“I’m having a dinner party.”
I got this text from my mate last week. They just had a performance for the release of their new EP in Bed Stuy, flew home to Chicago for a few days, and wanted to have a dinner party when they got back.
They got back today.
They had no groceries.
“Nvm, it’s a potluck now.”
I was tasked with bringing a dessert. I also rarely have great groceries. I’m notorious in my office for walking around with a bucket of raw carrots. But at some point, shortly after moving into my apartment last year, I’d at least bought (white) sugar and flour because those seemed like things you should have in a home.
What to bring to a dinner party.
I thought about the evening before, my Saturday evening, which was also spent at a dinner party. This one thrown by a writing mentor of mine who I’d met at Princeton when I was 18. She precepted an American Studies course I was in with my now ex. We read Tommy Orange’s There There. The Bluest Eye. The Great Gatsby. When I was in high school, in Kansas, my Literature teacher who stoked my love of writing early and young, threw a “dinner party” for us at the end of our Gatsby unit. We had to stay in character, pretending to be in a New York apartment in the commons of a big suburban high school with letterman jackets and carpeted walls.
You’re not in Kansas, anymore.
My mentor lives in Brooklyn, in this beautiful apartment with crown molding and books and books and books. I arrived to a cluster of guests in the kitchen standing around sipping wine while she scurried around, cooking between bodies, seasoning around elbows and hips. The second each new person entered, we all looked toward the door and she made sure they had a glass and wine and that nothing burned all at the same time.
I watched her, so comfortable in her home, so loving of and over the friends she’d invited into it. She cooked from a recipe book propped open on a holder on the counter. Sort of measured, in pinches and sprinkles. With intuition.
And finally, we sat to eat over candelabras and heady conversations about literature and spirituality and the future of art over beef bourguignon and cabbage and sweet potatoes.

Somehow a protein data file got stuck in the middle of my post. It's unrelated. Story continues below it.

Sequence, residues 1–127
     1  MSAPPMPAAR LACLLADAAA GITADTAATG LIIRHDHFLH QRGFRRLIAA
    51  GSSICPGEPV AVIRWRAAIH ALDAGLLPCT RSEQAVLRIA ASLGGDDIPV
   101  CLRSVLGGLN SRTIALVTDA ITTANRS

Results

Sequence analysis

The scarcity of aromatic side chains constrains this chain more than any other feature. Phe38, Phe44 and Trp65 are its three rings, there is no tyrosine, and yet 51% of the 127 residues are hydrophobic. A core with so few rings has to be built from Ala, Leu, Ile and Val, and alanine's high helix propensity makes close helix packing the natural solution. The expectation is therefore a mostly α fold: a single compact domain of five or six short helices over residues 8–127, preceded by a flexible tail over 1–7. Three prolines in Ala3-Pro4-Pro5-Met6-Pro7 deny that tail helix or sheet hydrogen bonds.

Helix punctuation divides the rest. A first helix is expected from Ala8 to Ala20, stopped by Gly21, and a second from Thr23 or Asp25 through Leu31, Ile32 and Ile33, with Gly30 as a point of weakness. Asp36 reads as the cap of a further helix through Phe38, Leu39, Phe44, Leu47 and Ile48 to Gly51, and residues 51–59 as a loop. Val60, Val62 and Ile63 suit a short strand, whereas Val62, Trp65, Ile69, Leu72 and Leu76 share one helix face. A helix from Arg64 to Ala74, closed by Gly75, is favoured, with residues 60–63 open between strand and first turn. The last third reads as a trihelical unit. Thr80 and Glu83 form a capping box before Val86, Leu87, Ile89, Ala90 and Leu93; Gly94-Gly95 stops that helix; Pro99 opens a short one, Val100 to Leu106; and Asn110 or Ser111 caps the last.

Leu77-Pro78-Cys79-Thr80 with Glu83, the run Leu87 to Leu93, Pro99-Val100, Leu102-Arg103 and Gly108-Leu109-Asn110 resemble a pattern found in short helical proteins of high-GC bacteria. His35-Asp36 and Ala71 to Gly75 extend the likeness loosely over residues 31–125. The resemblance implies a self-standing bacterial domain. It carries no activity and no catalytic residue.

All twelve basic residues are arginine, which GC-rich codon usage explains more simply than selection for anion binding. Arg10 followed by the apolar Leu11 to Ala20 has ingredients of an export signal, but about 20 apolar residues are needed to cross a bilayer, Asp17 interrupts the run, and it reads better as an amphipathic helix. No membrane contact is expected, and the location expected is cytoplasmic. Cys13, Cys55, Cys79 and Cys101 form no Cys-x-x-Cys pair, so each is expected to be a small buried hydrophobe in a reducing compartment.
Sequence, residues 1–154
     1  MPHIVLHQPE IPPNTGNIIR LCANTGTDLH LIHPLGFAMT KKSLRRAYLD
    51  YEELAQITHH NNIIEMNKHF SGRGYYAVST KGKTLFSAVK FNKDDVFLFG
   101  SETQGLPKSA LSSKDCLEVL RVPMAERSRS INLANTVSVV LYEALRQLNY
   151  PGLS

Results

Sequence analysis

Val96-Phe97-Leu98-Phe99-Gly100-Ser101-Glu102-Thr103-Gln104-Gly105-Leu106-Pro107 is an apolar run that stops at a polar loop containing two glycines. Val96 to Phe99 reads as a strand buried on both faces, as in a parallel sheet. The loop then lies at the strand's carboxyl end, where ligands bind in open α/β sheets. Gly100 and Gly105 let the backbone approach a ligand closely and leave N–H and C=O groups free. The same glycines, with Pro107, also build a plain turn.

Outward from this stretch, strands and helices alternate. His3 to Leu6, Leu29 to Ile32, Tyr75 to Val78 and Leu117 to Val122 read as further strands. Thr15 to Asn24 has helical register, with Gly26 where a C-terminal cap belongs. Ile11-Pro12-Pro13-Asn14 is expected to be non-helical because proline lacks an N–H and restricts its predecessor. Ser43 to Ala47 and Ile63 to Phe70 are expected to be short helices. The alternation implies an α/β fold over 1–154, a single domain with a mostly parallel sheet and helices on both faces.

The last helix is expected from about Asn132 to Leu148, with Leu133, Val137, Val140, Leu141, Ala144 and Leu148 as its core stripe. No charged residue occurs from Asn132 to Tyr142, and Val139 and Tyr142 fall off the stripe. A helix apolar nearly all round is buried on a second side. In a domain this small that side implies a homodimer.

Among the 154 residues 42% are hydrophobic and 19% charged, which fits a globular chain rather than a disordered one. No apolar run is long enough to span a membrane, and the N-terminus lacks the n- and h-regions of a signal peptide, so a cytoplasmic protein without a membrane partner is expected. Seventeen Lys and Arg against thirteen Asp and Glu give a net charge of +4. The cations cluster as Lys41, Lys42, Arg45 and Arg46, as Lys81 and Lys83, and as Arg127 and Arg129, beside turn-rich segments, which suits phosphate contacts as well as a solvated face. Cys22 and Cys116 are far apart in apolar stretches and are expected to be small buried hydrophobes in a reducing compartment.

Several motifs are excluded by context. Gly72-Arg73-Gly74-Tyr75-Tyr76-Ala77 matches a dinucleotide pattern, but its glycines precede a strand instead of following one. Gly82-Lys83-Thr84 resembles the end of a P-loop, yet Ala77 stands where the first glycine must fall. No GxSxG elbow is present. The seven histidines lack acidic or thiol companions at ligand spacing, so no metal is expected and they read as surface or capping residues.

“You came out in freezing weather,” she said, “You deserve a hearty meal.” At one point, she read an excerpt from The Beast in the Jungle. I want all of my dessert courses with Henry James now. She has a wonderful way of making conversations get deep. Had each of us going around telling stories of grandparents and their unfulfilled wishes. Sent me into a deep personal reflection on the women on my Mother’s side.
So, standing in my kitchen this morning, thinking “What to bring to a dinner party.”
I thought of my mentor. Of her ease. Her open recipe book. And instead of searching online for something easy, or running over to Trader Joe’s for a kitschy pastry with AI-generated flavors, I reached for a physical recipe book that belonged to my late Great Aunt. A church recipe book with a bizarre number of things with Jello and scriptures between each section. She used to babysit me when I was three. Would take me to the playground. She had one boyfriend for as long as I knew her.
“Hailey Denise!” he would exclaim every time I entered the kitchen.
I flipped open her recipe book in mine. Settled on the only thing I had (almost) all the ingredients for. “Chocolate chews” or something like that. It called for brown sugar. I used white. Called for vanilla. I texted this chef I’ve been avoidantly seeing.
“Can I sub honey for vanilla?” I asked.
I subbed honey for vanilla. He texted me back three hours later telling me I could not.
But, at the dinner party, way, way further north in Manhattan than I typically venture, a friend of my mate said “What did you flavor this with? Almond extract?”
This Dinner Party, potluck, gathering, was much different. Much younger. We all stood around my mate’s island holding our plates and picking out of the disjointed containers we’d all brought. A potluck is strangely more vulnerable. You can see, in real time, what people think of your offering. I tried not to look at my ”chews” as I reassured another that the filo dough on her pie was not soggy.
I took the train back with a few others. I was at my Saturday Dinner Party until 2 am and did not want to repeat that on a work night. And still, I got home around midnight. Dilly-dallied. Was again hungry after the commute and a substantive walk thanks to the train variations on weekends and my refusal to take the J. Settled for some nibbles from a block of cheese.
And suddenly I thought of my Great Aunt again. The way she would slice up some cheese from a block just like this one and put it on some crackers for me. I think I had cheese and crackers for the first time of my sentient life by her hand. I didn’t know that the last time I saw her would be the last. A dinner here, a dinner there, then a conversation by a hospital bed not knowing whether or not you should look at the leg peeking out from the blanket. Her boyfriend passed soon after she did. I don’t know if I’d ever seen him anywhere but his church or her kitchen.
I wish I could have one more dinner at her house.
Hear “Hailey Denise,” one more time as I entered her beautiful, chaotic dining room.
You can’t go back. You can’t go back. But you can open up your home and make dinner. Give people the type of experience that makes them forget it will soon be a memory.
Dinner Party at my place. Next weekend. I’ll cook as many things from that book as I can and what I don’t have, I’ll ask someone else to bring.